A recent issue of People Management magazine reported the story of an unnamed travel agency in Shandong province, China. Staff who failed to like or comment on social media posts from the company’s CEO had been fined under a policy which is intended to improve morale and encourage ‘mentoring’ among younger staff.
The CEO, who defends the policy, encourages workers to take turns reading out his motivational quotes and corporate updates via a loudspeaker each morning, to which they were expected to add emojis or comments.
Frankly, if engagement in the ranks isn’t at a level where staff are happy to voluntarily follow and comment on corporate posts, there are probably staffing issues that warrant attention before the social media popularity of the boss. Employee engagement is a perennial HR topic but I think the more interesting question here is whether or not it matters if the boss is likeable.
The engaging leader
Gallup surveyed 7,200 adults and found that around 50 per cent of employees left a job at some point “to get away from their supervisor”. They suggest that clarity of expectations is the most basic employee need and workers whose managers hold regular meetings are three times more likely to be engaged. That is, to feel involved in and enthusiastic about their jobs.
Zenger Folkman did research which shows that leaders who score high on a Likability Index are also rated as effective leaders by their direct reports, peers, manager, and others. The ratings correlate to higher employee satisfaction and engagement, sales, customer service, safety, productivity, quality, and profitability. The researchers point out that there’s a strong correlation between a leader’s likeability and the extent to which they ask for and respond to feedback from others. Feedback from others helps leaders to understand the impact (positive or negative) that they have on others.
In Likeonomics, author Rohit Bhargava claims there is a big difference between being likeable and just being nice. A leader’s likeability factor rises when we feel they are genuinely empathetic and also honest. However ‘nice’ people tend to sometimes avoid telling the truth so as not to offend others and this makes them less trustworthy, and ultimately less likeable.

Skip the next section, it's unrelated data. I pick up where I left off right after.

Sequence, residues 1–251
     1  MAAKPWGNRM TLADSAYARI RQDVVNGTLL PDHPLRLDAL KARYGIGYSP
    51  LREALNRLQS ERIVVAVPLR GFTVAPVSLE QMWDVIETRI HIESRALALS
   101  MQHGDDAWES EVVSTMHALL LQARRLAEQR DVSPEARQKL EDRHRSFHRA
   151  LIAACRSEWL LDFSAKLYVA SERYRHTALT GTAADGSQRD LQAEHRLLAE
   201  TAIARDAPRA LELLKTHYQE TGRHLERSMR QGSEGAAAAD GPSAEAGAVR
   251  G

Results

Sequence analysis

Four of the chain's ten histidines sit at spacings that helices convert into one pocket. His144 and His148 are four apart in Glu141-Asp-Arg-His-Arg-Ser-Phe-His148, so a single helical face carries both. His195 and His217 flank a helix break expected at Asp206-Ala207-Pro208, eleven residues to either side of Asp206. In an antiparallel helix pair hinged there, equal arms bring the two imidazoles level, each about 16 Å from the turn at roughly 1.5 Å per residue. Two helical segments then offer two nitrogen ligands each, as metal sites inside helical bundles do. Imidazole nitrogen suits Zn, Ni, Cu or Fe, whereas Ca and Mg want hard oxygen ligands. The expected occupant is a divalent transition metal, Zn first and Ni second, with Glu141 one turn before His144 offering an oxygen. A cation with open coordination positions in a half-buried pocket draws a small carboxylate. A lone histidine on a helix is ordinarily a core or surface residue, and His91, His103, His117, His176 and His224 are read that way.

I was intrigued to find an online certificate course on offer: Be a More Likeable Boss. The modules include Is It Better to be Loved or Feared? and Leadership as Service and I wonder what really works?
Effective leaders are confident in their own skills, they are authentic and consistent in their presentation of their values and that earns credibility for them. They are trusted because “what you see is what you get” and that leads to greater engagement. Jim Kouzes and Barry Posner, the authors of The Leadership Challenge, say that when leaders are clear about their leadership philosophy, they report 25 per cent more engagement in the workplace.
So what makes someone more likeable? The Likeability Factor by Tim Sanders suggests that likeability is predicated on four key factors:
- Friendliness: ability to communicate liking and openness to others
- Relevance: capacity to connect with others’ interests, wants, and needs
- Empathy: ability to recognise, acknowledge, and experience other people’s feelings
- Realness: the integrity that stands behind likeability and guarantees its authenticity
Dave Kerpen, author of Likeable Leadership, defines being likeable not as being a pushover, but rather embracing people and being honest, authentic, transparent, helpful and kind. I like that, kindness is something we’d like to see more of at work.